6. Characteristic classes of quantum principal bundles

    CERN Document Server

    Durdevic, M

    1995-01-01

    A noncommutative-geometric generalization of classical Weil theory of characteristic classes is presented, in the conceptual framework of quantum principal bundles. A particular care is given to the case when the bundle does not admit regular connections. A cohomological description of the domain of the Weil homomorphism is given. Relations between universal characteristic classes for the regular and the general case are analyzed. In analogy with classical geometry, a natural spectral sequence is introduced and investigated. The appropriate counterpart of the Chern character is constructed, for structures admitting regular connections. Illustrative examples and constructions are presented.

  7. TRIGA spent fuel bundles safe storage

    Energy Technology Data Exchange (ETDEWEB)

    Negut, G.; Covaci, St. [Institute for Nuclear Research, Research Reactor Dept., Pitesti (Romania); Prisecaru, I.; Dupleac, D. [Bucharest Univ. Politehnica, Power and Nuclear Engineering Dept., Bucharest (Romania)

    2007-07-01

    TRIGA-SSR is a steady state research and material test reactor that has been in operation since 1980. The original TRIGA fuel was HEU (highly enriched uranium) with a U{sup 235} enrichment of 93 per cent. Almost all TRIGA HEU fuel bundles are now burned-up. Part of the spent fuel was loaded and transferred to US, in a Romania - DOE arrangement. The rest of the TRIGA fuel bundles have to be temporarily stored in the TRIGA facility. As the storage conditions had to be established with caution, neutron and thermal hydraulic evaluations of the storage conditions were required. Some criticality evaluations were made based on the SAR (Safety Analysis Report) data. Fuel constant axial temperature approximation effect is usual for criticality computations. TRIGA-SSR fuel bundle geometry and materials model for SCALE5-CSAS module allows the introduction of a fuel temperature dependency for the entire fuel active height, using different materials for each fuel bundle region. Previous RELAP5 thermal hydraulic computations for an axial and radial power distribution in the TRIGA fuel pin were done. Fuel constant temperature approximation overestimates pin factors for every core operating at high temperatures. From the thermal hydraulic point of view the worst condition of the storage grid occurs when the transfer channel is accidentally emptied of water from the pool, or the bundle is handled accidentally to remain in air. All the residual heat from the bundles has to be removed without fuel overheating and clad failure. RELAP5 computer code for residual heat removal was used in the assessment of residual heat removal. We made a couple of evaluations of TRIGA bundle clad temperatures in air cooling conditions, with different residual heat levels. The criticality computations have shown that the spent TRIGA fuel bundles storage grid is strongly sub-critical with k(eff) = 0.5951. So, there is no danger for a criticality accident for this storage grid type. The assessment is done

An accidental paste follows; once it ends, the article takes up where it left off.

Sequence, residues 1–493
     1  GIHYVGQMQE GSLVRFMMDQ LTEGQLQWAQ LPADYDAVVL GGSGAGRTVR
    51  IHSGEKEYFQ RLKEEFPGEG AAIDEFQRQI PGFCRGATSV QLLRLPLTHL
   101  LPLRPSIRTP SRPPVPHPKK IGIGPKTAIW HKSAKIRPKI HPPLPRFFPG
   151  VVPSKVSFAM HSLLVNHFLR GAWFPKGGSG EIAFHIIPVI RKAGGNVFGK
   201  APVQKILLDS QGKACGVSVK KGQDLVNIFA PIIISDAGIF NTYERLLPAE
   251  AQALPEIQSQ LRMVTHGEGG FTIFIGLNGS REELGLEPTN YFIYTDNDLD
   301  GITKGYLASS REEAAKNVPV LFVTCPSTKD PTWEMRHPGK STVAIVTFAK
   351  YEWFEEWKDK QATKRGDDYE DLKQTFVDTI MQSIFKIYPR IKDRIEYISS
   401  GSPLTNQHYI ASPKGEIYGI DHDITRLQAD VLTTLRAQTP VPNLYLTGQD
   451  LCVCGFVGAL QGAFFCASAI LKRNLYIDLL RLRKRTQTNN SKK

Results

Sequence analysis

8. Scaling Shift in Multicracked Fiber Bundles

    Science.gov (United States)

    Manca, Fabio; Giordano, Stefano; Palla, Pier Luca; Cleri, Fabrizio

    2014-12-01